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If you will, you can

Monday, May 12, 2014

Two books make it to the reviews page. They dwell on burning issues, figuratively and otherwise. The election process concludes today, and fittingly, Unreal Elections by C.S. Krishna & Karthik Laxman makes for compulsive reading. Those of us who imagine them as being downtrodden and incapable of improving their lot, must definitely read Dalit Millionaires: 15 Inspiring Stories by Milind Khandekar, Reenu Talwar, Vandana Singh to get their perspective right. The information comes as a heartening surprise. 

A satirical take on 2014 elections
WHY can't Kejriwal get rid of his shawl in the Delhi' summer? Does Sonia G reshuffle her Cabinet with a little help from Britney Spears? Is Modi's favourite movie 'The Lion King'? And what enrages Manmohan Singh?

Queries such as these are not ones that are sought to be answered on prime time debates in the run-up to the elections but 'unreal' questions about the ongoing General Elections, emerging from actual reports of scams and rhetorical faux pas, documented in a new book.

'Unreal Elections' published by Penguin is a brainchild of a pair of engineers-cum-MBAs-turned-political spoofers -- C S Krishna and Karthik Laxman, who run the satirical portal The UnRealTimes.Com.

After three years of writing spoofs on Indian politics, the duo decided to pen down a hilarious account of 'unreal' yet 'somewhat real' facts and anecdotes about the ongoing biggest political saga in the country.

"Writing Unreal Times gave us not only a better understanding of the politics of our country but also skilled us in the art of writing spoofs without getting into legal hassles," Krishna told PTI.

I observed there are so many real facts about the elections which are ignored in public domain and so many unreal facts which are viral out there. Hence for the public, the line between 'real' and 'unreal' is little blurred amidst an overdose of information from all mediums, he said.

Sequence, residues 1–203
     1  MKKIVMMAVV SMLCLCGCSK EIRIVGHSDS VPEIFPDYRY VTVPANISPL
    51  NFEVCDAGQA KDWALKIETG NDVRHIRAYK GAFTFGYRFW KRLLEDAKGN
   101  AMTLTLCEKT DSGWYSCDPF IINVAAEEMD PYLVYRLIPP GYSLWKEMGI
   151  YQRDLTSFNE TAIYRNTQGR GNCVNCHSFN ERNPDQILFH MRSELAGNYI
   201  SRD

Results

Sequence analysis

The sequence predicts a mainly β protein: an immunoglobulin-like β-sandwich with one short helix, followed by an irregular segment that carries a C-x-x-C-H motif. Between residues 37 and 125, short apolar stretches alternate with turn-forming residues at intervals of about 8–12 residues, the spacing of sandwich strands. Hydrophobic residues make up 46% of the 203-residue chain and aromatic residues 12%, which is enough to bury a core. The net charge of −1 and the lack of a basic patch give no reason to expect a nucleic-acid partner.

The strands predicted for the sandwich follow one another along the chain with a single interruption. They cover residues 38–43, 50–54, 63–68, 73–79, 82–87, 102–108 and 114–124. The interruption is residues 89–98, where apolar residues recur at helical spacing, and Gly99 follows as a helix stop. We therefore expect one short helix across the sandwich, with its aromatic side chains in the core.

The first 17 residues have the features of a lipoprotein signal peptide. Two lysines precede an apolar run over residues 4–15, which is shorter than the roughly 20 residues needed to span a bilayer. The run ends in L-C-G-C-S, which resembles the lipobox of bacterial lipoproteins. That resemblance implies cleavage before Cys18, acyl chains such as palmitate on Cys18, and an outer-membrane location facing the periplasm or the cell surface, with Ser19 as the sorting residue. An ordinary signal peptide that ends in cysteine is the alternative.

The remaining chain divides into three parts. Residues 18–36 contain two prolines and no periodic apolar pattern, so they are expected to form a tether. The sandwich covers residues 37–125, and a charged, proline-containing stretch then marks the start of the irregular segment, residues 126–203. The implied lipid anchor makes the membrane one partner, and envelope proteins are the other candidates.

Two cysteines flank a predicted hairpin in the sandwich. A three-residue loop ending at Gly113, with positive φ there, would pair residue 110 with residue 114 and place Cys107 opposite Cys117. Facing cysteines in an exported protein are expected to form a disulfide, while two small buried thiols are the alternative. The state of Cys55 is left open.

Even if politics isn't your favourite topic, you will still be able to get the gist of the book's plot as it takes you through the political developments of the last few years and has hilarious 'unreal' conversations between the 'real' political characters.

The events mentioned in the book are twisted to dwell on the backroom machinations and intrigue within various political parties, media houses and government bodies.

Some of the incidents discussed in the book include Arvind Kejriwal's scam-exposes, the DLF-Robert Vadra controversy, the ensuing damage control measures, the Coalgate scandal that rocked the Congress, Narendra Modi's rise to power, the Snoopgate controversy where Modi was accused of spying on a woman, and the Modi-Rahul Gandhi war of words, among others.

"We wanted to maintain the flavour of 'Unreal Times' writing style in the book but we got the book legally vetted too in order to ensure it hits the right target audience and makes a comic read and not an exposing read," Laxman said.

Since the social media has been adding an interesting dimension to the current polls, the book also has spoofs of political candidates' Facebook wall pages.

The book isn't just a comic saga about the politicos but also has spoofs on media persons including Rahul Kanval, Arnab Goswami, Sagarika Ghosh and Barkha Dutt among others, who are active in reporting and debating the turn of political events in the country throughout the year.